As far as I’m concerned, the best defense against poisonous snakes is to watch where you step, walk, run, sit, lay down and be careful where you stick your hands. Check campsite on a regular basis; have had them come into camp, or come out of hiding after my arrival. Be careful if gathering firewood, reaching under tent, or canoe.

I carry a Sawyer extractor kit, but in my opinion, it is virtually worthless unless applied immediately, and even then, the greatest benefit it offers is the psychological value it offers the bite victim. The cut & suck method is great for tissue damage; as is the incorrect application of ice. Get to the hospital asap with the snakebite victim. Try to keep them as quiet & comfortable & calm as possible, if you have to move them.

Snakes are amazing creatures, definitely have a purpose, and in my opinion, are best left unharmed, in the area where they were encountered (within reason). That being said; Water Moccasins encountered in my camp will be permanently relocated to the nether world, with no apologies given.


Nice review…

Totally agree on water mocassins
Took me back a ways that did. They are certainly way agressive for north american snakes. Watch those overhanging tree branches you southern paddlers, and I kid you not.

Put six slugs out of 10 shots out of a remington nylon 66 into one before the gun even got to my cheek or my father could even take aim. following our boat wake and way too close. We were on a private pond on my uncles farm though so if the backdrop for bullets was not cool, then they were trespassing. I was about 10, and did not think about richochet danger for more than about 1/2 second.

I don’t know, but
If I cannot be alone, I wolud rather be among Sharks and Alligators than among snakes.



Or Bears and Wolves …
but it’s not always our choice :slight_smile:


– Last Updated: Jun-07-04 12:56 PM EST –

As several noted, the Cotton Mouth is the wrost. I have had them come at the boat, and just not stop until you beat them with a paddle. I have played with the Fer De Lance, and I think the American Cotton Mouth is more agressive.

Coral Snakes are very venemous, but are very non agressive, and have very small dull teeth. "Red on yellow will kill a fellow." If the red bands and yellow bands are adjacent, it is a coral snake.

There are Sea Snakes in the Caribean, so they might sometime be encountered in Florida waters, but I never heard of it. They are very venemous, but they are very non agressive.

Rattlesnakes are pretty non agressive, and will retreat if given a chance, but they will bite you if you sit on one.

BTW: Those Burmese Pythons that are invading the Everglades are not venemous, but a 10' snake can inflict an awful bite wound...

For most average sized adults, snakes bites are seldom fatal, but they are painful. I took a buddy to the hospital when he got bitten by a Cotton Mouth. He only weighed 135# and he got a good load of venom. He was in a alot of pain, but he was also in very good shape. The doctor said his life was never in danger.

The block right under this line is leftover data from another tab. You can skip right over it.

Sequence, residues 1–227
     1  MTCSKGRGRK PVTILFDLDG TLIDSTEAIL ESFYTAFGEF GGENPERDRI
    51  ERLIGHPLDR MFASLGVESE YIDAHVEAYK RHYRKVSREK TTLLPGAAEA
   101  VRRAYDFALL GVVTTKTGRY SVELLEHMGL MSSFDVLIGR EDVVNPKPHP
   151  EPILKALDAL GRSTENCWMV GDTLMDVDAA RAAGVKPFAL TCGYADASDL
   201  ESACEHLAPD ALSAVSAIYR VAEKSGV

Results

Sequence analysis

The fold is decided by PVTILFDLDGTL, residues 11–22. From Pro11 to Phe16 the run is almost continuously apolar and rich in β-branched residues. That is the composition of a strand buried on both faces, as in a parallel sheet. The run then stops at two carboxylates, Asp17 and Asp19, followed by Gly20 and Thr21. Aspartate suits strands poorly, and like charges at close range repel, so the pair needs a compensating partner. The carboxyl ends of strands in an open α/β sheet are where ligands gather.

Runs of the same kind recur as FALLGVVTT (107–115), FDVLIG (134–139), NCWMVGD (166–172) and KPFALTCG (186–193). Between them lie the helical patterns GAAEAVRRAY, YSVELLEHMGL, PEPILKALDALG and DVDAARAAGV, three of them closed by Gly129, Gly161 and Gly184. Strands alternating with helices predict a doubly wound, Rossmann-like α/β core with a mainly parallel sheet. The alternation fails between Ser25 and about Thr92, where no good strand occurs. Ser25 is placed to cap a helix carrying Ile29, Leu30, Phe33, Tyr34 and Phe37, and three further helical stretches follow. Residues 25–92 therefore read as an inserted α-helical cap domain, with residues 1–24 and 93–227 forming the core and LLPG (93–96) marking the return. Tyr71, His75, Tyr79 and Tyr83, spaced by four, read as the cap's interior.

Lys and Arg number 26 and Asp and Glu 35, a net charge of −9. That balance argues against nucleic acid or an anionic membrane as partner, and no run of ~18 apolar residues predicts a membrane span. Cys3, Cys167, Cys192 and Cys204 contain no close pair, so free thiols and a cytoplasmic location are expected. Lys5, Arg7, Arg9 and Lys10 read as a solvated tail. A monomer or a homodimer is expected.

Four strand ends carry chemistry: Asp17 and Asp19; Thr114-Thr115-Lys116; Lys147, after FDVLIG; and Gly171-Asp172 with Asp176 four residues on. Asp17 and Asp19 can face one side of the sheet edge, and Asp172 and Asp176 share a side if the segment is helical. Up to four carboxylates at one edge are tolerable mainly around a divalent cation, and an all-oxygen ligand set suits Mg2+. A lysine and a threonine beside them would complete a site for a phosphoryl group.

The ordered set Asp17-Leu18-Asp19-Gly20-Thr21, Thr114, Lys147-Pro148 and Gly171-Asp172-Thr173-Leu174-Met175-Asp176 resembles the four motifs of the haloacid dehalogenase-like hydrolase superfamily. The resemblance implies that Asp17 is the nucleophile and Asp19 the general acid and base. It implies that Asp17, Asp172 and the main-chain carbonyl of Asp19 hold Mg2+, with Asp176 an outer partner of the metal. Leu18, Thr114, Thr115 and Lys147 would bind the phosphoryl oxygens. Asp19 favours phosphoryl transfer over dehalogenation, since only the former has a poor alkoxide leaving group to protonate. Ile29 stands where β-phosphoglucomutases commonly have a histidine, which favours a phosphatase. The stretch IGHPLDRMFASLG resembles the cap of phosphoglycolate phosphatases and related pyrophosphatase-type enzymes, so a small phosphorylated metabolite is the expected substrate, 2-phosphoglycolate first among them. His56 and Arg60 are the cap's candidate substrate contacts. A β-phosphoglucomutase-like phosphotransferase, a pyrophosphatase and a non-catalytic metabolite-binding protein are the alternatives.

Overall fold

I hear the best advice is just to get to the hospital as quick as possible, and keep the victim as quiet as you can.

I think the danger would be much greater for anyone with heart problems....

have you ever noticed…
that Steve Irwin, aka Crocodile Hunter, has somehow managed to never mess around with Water Moccasins? They are the nastiest and most ill-tempered residents of our great southern waterways. I have had many encounters with them, none of which I felt comfortable about. Their biggest crime is the uncalled for destruction of the banded water snakes (and any other snake that happens to be in or around the water). For the most part, you will not find moccasins around big water, rapidly flowing water, far from swampy/boggy areas, and rarely in tree branches. Sometimes resting on logs, on stumps, under dead-falls -yes; but, generally not up in the branches that overhang the streams.

The big problem is that moccasins vary greatly in pattern and coloration, depending on age and location/habitat. The only real way to tell them from their non-venomous relatives is their eyes. Moccasins will have “cat” eyes while the others will have round pupils. Therein lies the problem -most people do not wish to get close enough for the verification so they default to treating all snakes found around water as moccasins and kill them.

But, back to the original sting theme: Snake-bite kits have little or no physiological application. If you or someone in your party gets bitten by a venomous snake, you have a problem. That is why pre-float planning is so important. You must know where all of the takeouts are, have a float plan and STICK TO IT, always have plenty of drinking water, and have a contingency plan on who you are going to contact and how. You probably will not die form the bite (120 lbs or more) if you are in decent shape and you do not do anything stupid afterwards. If you are alone (flawed plan to start with) then you are better off making yourself highly visible, settling down with shelter and water, and waiting for someone to come and get you. If it makes your mother happier to know that you have a snake-bite kit in your first aid bag, then trot on down to WallyMart and drop $3 for theirs, just don’t ever actually try to use it. Practice the best approach to dealing with moccasins -realize they are out there, learn as much as you can about them, watch for them, and avoid them. They will generally hold their territory, will strike with little provocation, and desrve to be left alone.